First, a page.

Australia is one of those countries where esports is a big part of youth culture. Yet, how has this come to be? Esports is not an isolated phenomenon, in fact, people have wanted to compete in video games for the longest time. It wasn’t until the 1990s that the first opportunities to do so really showed.
Esports began as a “joke” bet between two South Korean broadcasters who wagered whether they could televise StarCraft, one of the most popular real-time strategies (RTS) of all time. While no party expected the gambit to pay off, it actually did and set in motion a process that would soon take the world over. International audiences began tuning in to Korean streams to witness some of the best StarCraft plays just so they are able to have an enjoyable time watching competitive video gaming. In the United States, Mike Sepso created Major League Esports in a bid to emulate the big, franchised sports leagues and give video games more visibility.
In Europe, DreamHack was beginning to host its video gaming festival, allocating a significant part of its to competitive gaming as well. Players from all over the world soon became aware of a new phenomenon, electronic sports which quickly got shortened to esports.
The original of esports in Australia isn’t quite well-documented. For the most part, competitive video gaming was a little late arriving in Australia. Most people in the country are actually quite passionate about online casino games. However, with the advancement of the Internet and better connectivity opportunities, video games have become a truly global phenomenon and in Australia no less.
Australia was featured on virtually every big tournament circuit including the World Cyber Games and the Electronic Sports Leagues. Sure, those early days in the 2000s were a little helter-skelter, but nobody was really certain what they were doing, and slowly communities began to form. The ESL started hosting a range of events for Australians and soon after, more local communities began to appear. Most of them were founded in the 2010s, and today, we have some excellent choices when it comes to competitive outfits, including:
Naturally, Australians compete in many international events as well. This includes the Dota Pro Circuit, WePlay and Blast Premier events, ESL competitions, and Intel Extreme Masters occasions. Overall, the Australian esports community has been developing at a decent pace, even somewhat belatedly.
For the longest time, there has been an ongoing argument about whether online games or esports games are more popular. While the debate still rages on, esports is becoming extremely popular by the sheer volume of people watching and participating, as commentators, fans, spectators, and especially players. Today, esports has a well-developed ecosystem that is focused on several main games.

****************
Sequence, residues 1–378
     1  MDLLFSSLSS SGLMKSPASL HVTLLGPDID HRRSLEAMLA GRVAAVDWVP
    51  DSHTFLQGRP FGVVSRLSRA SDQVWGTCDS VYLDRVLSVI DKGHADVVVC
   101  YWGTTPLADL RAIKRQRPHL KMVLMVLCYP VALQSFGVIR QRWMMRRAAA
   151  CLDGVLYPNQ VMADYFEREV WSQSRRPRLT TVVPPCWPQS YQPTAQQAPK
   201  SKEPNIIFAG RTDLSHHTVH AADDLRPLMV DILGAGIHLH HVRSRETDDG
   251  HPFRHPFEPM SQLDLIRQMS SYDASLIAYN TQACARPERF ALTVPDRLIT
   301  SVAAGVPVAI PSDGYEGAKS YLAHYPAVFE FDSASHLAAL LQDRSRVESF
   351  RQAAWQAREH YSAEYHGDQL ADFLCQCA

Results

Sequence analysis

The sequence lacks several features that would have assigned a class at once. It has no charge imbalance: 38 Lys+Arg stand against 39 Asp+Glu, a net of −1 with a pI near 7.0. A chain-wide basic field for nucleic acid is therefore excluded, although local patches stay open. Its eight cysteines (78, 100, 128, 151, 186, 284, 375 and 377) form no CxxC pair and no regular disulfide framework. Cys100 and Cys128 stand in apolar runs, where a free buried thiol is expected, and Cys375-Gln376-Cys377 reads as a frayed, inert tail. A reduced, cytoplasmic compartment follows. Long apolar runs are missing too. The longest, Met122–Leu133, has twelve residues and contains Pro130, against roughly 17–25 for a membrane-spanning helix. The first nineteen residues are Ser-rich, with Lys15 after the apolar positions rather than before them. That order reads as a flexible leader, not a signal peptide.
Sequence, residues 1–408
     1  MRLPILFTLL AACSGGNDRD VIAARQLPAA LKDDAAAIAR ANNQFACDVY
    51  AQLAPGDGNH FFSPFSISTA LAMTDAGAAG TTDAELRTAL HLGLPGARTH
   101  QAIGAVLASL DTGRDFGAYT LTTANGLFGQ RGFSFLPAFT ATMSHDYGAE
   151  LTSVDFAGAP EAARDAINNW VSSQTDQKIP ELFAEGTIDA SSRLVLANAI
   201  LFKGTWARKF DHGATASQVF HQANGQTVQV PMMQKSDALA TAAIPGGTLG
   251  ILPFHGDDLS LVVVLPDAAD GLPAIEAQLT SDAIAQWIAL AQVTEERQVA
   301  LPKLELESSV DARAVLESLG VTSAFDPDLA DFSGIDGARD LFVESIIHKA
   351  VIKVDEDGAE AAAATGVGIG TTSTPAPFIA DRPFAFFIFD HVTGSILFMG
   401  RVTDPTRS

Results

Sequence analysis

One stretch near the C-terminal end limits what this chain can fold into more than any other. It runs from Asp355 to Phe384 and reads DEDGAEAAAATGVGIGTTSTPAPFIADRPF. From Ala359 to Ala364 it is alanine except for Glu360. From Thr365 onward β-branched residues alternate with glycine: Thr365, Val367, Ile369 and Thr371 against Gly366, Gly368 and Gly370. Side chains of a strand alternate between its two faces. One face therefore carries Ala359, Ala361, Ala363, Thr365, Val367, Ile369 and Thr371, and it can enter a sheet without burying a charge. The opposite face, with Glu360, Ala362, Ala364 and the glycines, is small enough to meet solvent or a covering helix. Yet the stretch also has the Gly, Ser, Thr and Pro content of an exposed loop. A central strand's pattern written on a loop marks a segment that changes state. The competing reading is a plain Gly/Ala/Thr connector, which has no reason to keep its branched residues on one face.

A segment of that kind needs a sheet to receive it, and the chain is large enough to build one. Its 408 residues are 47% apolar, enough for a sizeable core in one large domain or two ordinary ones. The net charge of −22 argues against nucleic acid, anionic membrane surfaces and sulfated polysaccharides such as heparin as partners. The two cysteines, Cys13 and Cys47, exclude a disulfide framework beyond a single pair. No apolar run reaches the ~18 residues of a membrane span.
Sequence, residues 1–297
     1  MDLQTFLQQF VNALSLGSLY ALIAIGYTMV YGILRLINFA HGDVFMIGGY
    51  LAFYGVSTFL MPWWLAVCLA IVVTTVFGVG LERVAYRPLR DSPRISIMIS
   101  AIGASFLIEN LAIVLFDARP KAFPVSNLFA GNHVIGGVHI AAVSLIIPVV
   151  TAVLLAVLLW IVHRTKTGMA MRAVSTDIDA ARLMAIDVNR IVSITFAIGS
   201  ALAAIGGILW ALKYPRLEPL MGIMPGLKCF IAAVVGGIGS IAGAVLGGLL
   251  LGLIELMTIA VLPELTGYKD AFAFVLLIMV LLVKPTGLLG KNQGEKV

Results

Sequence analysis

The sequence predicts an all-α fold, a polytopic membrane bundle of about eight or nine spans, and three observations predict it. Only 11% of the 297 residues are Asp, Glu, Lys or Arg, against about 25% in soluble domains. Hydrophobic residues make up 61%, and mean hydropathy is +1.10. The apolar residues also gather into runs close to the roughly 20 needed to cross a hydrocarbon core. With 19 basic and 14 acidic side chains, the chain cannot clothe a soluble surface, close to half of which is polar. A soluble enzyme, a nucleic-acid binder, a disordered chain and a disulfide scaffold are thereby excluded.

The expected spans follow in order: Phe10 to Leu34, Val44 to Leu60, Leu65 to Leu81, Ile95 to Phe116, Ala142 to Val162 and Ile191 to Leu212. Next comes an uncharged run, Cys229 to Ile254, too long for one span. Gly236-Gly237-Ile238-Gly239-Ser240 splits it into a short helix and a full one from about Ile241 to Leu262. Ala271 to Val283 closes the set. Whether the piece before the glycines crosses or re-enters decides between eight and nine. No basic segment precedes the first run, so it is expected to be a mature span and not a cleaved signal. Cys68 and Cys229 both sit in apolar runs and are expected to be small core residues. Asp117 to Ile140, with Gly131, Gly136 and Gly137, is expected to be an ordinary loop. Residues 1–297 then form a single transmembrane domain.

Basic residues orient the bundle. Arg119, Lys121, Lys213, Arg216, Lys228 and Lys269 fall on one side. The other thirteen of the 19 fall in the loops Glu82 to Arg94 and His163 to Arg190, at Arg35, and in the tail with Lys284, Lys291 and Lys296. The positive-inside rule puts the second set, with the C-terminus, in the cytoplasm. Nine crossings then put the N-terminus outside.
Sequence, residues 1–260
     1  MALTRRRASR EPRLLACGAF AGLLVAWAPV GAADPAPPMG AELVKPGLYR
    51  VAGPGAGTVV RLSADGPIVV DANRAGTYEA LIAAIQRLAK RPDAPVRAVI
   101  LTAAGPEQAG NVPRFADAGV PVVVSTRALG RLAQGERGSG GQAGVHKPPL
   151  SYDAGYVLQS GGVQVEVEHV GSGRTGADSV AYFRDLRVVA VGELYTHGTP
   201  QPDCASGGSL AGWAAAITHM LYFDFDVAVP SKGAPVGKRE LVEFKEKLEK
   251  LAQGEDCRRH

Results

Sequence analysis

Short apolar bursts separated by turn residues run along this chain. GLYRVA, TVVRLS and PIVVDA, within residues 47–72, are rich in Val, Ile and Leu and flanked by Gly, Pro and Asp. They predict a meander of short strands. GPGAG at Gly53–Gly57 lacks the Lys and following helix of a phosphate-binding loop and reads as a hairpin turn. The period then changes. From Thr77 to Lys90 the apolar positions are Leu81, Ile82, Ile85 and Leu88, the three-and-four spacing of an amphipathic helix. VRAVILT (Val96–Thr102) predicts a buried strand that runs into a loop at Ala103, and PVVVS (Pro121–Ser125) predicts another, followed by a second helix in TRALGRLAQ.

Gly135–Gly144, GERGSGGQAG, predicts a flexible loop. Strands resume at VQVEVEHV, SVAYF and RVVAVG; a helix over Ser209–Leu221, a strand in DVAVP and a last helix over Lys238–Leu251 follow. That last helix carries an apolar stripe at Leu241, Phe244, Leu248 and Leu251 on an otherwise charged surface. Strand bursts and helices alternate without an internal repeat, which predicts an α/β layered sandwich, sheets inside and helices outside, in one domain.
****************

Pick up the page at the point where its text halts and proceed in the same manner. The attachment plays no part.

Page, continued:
Counter-Strike: Global Offensive is perhaps the most prominent esports title in the country. There are numerous leagues, big prize purses, and generally a very high interest in the game, making it one of the first games that Australians associate with electronic sports, and for a good reason. Presently, Australia seems to have some of the best esports teams globally insofar as CS:GO goes.
Even though Heroes of the Storm is not as supported as an electronic sport by Blizzard, the game is thriving as a competitive option in Australia. Due to its easy learning curve, the game is a distinguished first choice for many players who are fans of the MOBA genre but want to minimize the entry-level. Heroes of the Storm is a fantastic choice for anyone who is looking to have a good time playing esports in Australia.
Dota 2 is a more advanced version of Heroes of the Storm where the entry skill you need to succeed is much higher. Nonetheless, this has not stopped Australians from becoming some of the most talented and successful players in the game. Dota has a global circuit known as the Dota Pro Circuit, and yes – the land down under is part of it, with teams and players playing at the highest possible level.
StarCraft was one of the world’s first esports competitions and as you can expect, it’s actually quite popular. StarCraft II, or the original’s sequel, is one of the most widely played games today in Australia, offering a blend of high-paced and strategic play. Australia has a well-documented experience with its SC competitive scene, having seen stars such as deL and dAncerS lead the way.
Esports in Australia is definitely in a better spot than they were in the early 2000s. While the country did take some time to properly catch up to the global scene the results have been quite promising. Meanwhile, the country’s gaming market ranks #14th in the world with total game revenues of $1.3 billion and 12.4 million players. A good part of those are specifically interested in esports, as the ecosystem is one of the strongest when it comes to building communities. Australia is now better connected to the rest of the world, and it is constantly seeking to connect with the world’s most competitive gaming communities.
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